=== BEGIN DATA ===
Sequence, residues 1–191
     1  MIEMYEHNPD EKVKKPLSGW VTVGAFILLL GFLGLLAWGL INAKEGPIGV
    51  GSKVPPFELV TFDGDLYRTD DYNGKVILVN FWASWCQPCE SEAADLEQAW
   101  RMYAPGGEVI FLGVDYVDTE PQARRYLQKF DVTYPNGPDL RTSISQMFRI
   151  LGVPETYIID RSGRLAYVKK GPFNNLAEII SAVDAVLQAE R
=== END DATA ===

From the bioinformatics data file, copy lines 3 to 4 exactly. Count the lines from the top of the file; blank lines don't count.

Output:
    51  GSKVPPFELV TFDGDLYRTD DYNGKVILVN FWASWCQPCE SEAADLEQAW
   101  RMYAPGGEVI FLGVDYVDTE PQARRYLQKF DVTYPNGPDL RTSISQMFRI